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A Survivor of the Korean War Battle of Pork Chop Hill

Note: This is a reproduction of an article published in The Daily Iberian. Whitney Adam LeBlanc [July 14, 1927 - July 10, 2011] is the uncle of the host of this website.

The Daily Iberian
Tuesday, December 10, 2002

Local News

Forgotten fighter finally receives medal Whitney Adam LeBlanc

By Riddhi Trivedi The Daily Iberian

LOREAUVILLE - Whitney LeBlanc fought long and hard in the U.S. Army during the Korean War.

His son fought long and hard to get the honor badge LeBlanc earned.

Nearly 50 years after his discharge, LeBlanc, 75, finally has his badge.

LeBlanc's discharge papers said he had been given the Infantry Badge for having fought with the 32nd Infantry division in the Korean War. He never received it.

"I went to the authorities and wrote letters and applications," said his son, Roger. "Finally two weeks ago, I went to Lafayette to get my father's badge."

Roger LeBlanc said it took almost a year to get the badge. He started the process of writing to the Army after he came across his father's discharge papers and asked his dad about the badge.

Whitney LeBlanc was drafted. He was young. He was hard-working, but had a comfortable life working on his family's sugar cane farm in Olivier.

When duty called, LeBlanc answered.

For his time in the trenches, fighting some of the bloodiest battles of the Korean War, the recognition came late.

With the badge, came memories. Memories of being shipped out to war in 1952 after 30 days of basic training. Memories of arriving at the final railway station packed in railcars "like sardines." Memories of going into battle in cold, rain, gloom and mist.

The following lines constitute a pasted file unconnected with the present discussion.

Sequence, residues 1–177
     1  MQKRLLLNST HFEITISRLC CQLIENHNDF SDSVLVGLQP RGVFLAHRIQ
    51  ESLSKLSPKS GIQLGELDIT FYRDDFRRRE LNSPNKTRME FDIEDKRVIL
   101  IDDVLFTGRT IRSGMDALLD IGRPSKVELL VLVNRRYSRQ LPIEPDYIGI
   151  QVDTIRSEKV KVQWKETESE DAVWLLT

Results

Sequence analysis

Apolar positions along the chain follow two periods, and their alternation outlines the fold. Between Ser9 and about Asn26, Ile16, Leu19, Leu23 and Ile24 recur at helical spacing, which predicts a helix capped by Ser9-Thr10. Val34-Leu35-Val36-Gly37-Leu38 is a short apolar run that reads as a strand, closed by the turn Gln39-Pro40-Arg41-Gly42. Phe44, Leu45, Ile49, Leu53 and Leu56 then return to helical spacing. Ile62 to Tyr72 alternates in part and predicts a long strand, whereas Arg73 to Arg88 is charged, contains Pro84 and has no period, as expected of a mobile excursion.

"The North Koreans had the hill and our trenches were at the bottom," Whitney LeBlanc said. "When we got there a flare was lit. In front of us was a minefield with a dozen armed men, all of them either dead or wounded."

Accompanied by three other companies of soldiers, his division made three assaults on the hill and retreated, losing men each time, LeBlanc said, until the hill was finally captured.

Then, they turned it over to the South Korean troops and advanced to the next one, Pork Chop Hill.

"It was pork chop all right," LeBlanc said. "That's where you got chopped up."

At 25, he was the oldest in his company. Some of the younger soldiers, 18 or younger, were terrified when they saw the death and destruction, he said.

"They would cower in the trenches and cry," LeBlanc said. "They wanted their homes and their mothers. We told them, 'Too late now, son. Either kill or you will be killed.'"

The battle in which the hill was finally taken started with four companies of 250 soldiers each, he said.

"When the battle ended, 12 of us walked off the hill alive," LeBlanc said.

He became visibly shaken by the memory.

"The others were either dead or too badly wounded," he said.

Those who survived spent the night carrying the dead and wounded off the hill in pouring rain, mist and smoke. When the smoke and mist cleared, he said, the rainwater running down the hill was red.

The most vivid memory he carried back from the war - where he lost so many close and dear friends - was that of seeing the dead and the wounded everywhere, he said.

"Sometimes, sitting there in the trenches with bullets whizzing around and people getting killed I would wonder what this was all about," Whitney said. "Who and what were we fighting the war for. It wasn't for our country or our independence."

He calls Korea the forgotten war. No one ever talks about it when they talk about foreign wars or foreign war veterans, he said.

He very nearly became a forgotten soldier.

During the battle of Pork Chop Hill, he got separated from his company and fought for two weeks with the 31st division. His family was notified LeBlanc was Missing In Action.

In 1954, after 15 months of fighting, he was finally discharged from the army.

Because his family had been told he was MIA, Whitney said, there was no one to receive him and take him home when his bus arrived.

"The same taxi driver who had driven me to the bus stop at the beginning of the war took me back home," he said.

Note: The Wikipedia Article on Pork Chop Hill has been edited to add that Whitney Adam LeBlanc is a survivor - see

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